Scientific name: Lepus arcticus
Average length/height: 48 – 68cm (19 – 28 inches)
Average weight: 3 – 7kg (6.6 – 15.4lbs)
Arctic hare have short tails, averaging three to eight centimeters in length and less body fat than most Arctic animals. It is an adaptation that lets them run 60 kilometers per hour (40 miles per hour) to help ensure their survival from predators. Their coat thickens and turns snow white in the winter and turns to a grey and brown coat in the summer, it also covers their feet to spread weight for walking on snow and for further insulation. Keen noses allow them to find food deep beneath the snow and their eyes give them nearly 360 degrees of vision (Canadian Geographic, 2019).
Typically, Arctic Hare are found above the northern tree line, in our case above the boreal forest. Spread out across Arctic Canada, they live on the tundra foraging on plants for food. There is the Mountain Hare found in Arctic Europe and Asia, that is so similar they may be the same species (Cool Antarctica, n.d.).
In the winter Arctic Hares can be found in larger groups, huddling together for warmth and using the buddy system to watch for predators. It has been recorded that in late winter in the northern islands they can gather in herds of more than 100, though this isn’t common. (Virtual Museum, n.d.)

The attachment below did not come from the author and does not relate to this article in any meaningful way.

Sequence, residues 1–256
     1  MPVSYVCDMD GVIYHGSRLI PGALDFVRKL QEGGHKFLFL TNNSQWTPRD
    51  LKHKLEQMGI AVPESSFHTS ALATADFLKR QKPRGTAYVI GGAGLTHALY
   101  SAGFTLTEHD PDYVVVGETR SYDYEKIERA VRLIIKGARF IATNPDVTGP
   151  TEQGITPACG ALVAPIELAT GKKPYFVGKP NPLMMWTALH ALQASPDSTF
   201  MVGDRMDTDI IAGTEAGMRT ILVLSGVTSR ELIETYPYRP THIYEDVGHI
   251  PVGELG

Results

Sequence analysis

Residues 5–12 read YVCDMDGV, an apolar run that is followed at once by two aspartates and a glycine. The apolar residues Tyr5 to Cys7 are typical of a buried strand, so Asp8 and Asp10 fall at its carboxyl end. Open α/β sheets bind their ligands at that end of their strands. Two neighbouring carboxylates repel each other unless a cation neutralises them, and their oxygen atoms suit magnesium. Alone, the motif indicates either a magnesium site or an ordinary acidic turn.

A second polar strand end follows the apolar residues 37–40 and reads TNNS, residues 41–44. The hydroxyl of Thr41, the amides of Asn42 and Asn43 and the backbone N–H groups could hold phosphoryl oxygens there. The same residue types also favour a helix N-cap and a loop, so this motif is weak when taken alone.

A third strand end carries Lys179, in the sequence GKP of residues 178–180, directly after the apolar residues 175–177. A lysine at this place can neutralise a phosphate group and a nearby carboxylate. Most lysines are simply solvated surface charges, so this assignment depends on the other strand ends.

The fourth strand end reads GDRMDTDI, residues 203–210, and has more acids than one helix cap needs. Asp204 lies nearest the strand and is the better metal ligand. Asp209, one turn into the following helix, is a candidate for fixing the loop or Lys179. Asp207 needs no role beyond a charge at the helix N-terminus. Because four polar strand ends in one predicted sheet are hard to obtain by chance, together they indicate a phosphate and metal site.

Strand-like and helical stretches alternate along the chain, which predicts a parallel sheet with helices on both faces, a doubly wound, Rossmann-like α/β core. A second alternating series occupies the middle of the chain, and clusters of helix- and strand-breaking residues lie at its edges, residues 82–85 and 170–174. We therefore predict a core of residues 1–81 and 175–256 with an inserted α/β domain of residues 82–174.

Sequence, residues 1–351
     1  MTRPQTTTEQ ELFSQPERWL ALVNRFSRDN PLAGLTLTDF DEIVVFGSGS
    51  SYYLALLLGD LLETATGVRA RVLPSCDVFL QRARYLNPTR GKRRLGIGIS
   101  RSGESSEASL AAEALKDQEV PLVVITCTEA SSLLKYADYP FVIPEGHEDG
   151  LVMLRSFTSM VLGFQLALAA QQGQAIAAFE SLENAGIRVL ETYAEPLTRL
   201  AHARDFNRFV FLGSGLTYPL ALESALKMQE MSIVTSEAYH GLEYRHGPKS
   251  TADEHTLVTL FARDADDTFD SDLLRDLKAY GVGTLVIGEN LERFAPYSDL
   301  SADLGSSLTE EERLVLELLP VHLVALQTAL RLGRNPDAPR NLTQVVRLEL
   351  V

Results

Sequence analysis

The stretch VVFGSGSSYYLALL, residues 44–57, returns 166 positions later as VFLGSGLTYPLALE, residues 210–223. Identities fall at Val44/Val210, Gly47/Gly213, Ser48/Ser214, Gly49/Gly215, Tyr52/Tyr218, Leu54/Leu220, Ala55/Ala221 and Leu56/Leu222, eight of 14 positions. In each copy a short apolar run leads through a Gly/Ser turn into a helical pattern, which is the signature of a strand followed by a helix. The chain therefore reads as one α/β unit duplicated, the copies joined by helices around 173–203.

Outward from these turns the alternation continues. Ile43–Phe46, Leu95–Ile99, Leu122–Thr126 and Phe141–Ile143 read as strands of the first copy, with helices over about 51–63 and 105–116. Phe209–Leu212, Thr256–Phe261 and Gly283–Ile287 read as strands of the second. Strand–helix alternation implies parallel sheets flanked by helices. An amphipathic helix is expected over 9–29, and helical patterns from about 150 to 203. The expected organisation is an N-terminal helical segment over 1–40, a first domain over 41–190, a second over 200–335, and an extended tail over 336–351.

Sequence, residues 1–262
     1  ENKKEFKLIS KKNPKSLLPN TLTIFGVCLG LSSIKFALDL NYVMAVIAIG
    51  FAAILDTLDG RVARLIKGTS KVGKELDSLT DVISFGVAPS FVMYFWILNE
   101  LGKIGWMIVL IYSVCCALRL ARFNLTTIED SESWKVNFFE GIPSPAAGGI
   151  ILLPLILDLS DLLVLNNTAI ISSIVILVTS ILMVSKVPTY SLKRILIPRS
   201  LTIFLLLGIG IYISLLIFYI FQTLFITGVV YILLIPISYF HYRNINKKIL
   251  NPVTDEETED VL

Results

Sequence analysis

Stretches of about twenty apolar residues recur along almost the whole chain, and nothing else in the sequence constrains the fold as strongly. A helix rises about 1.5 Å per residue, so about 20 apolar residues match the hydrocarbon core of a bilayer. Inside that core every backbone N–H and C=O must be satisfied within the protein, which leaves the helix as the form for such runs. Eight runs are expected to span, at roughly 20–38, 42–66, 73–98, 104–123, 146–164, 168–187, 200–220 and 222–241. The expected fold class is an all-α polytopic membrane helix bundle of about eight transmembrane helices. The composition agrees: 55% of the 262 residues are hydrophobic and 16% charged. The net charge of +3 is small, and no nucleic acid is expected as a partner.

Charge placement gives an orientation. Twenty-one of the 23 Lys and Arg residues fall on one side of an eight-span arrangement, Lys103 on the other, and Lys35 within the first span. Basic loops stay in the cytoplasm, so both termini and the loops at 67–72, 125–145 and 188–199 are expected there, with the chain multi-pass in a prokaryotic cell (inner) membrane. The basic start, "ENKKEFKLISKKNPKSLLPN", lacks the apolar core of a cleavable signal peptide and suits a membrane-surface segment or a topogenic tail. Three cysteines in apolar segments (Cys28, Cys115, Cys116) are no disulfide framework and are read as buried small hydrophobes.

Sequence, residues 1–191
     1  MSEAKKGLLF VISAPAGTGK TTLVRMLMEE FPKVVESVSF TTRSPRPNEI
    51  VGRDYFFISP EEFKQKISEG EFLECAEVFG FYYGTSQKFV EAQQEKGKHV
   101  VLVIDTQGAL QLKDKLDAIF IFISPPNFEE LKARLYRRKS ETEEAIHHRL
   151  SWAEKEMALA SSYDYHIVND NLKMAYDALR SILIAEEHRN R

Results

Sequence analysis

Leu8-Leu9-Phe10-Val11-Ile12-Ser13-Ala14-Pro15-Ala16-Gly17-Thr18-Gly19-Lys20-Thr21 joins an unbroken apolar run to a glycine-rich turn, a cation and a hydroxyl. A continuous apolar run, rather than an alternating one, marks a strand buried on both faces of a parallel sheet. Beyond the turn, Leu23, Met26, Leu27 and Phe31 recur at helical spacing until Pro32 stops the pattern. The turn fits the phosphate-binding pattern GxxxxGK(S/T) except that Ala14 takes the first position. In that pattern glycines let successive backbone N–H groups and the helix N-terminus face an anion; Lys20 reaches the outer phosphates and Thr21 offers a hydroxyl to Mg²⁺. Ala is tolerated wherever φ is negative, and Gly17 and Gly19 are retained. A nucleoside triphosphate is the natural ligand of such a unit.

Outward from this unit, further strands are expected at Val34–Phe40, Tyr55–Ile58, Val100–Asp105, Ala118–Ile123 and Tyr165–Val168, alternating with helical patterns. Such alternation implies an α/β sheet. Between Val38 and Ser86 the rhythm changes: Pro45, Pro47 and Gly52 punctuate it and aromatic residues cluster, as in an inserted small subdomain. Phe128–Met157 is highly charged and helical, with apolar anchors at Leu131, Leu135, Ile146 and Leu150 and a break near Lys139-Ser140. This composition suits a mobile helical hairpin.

Population & Reproduction
The Arctic Hare population is very healthy and not closely monitored. It is also unclear how long their lifespan is, though it’s suggested they live between three to five years in the wild, and one to one and a half in captivity (ADW, 2019).
Hares give birth to one or two litters per year. Baby hares are called leverets and there are usually five to six leverets in a litter. Males have multiple mates and create a mating territory. Gestation takes around 50 days and once born the mother leaves the young after about three days, only returning every 18 hours or so to nurse. This takes place for eight to nine weeks until they are fully weaned (Cool Antarctica, n.d.).
Arctic hare reach sexual maturity at the average age of 315 days.
Although there have been reports of scavenging meat when necessary, an Arctic hare’s diet is made up primarily of plant matter such as willow bushes, moss, berries, roots, lichen, seaweed and more. In the wintertime they dig through snow to find food sources. (ADW, 2019).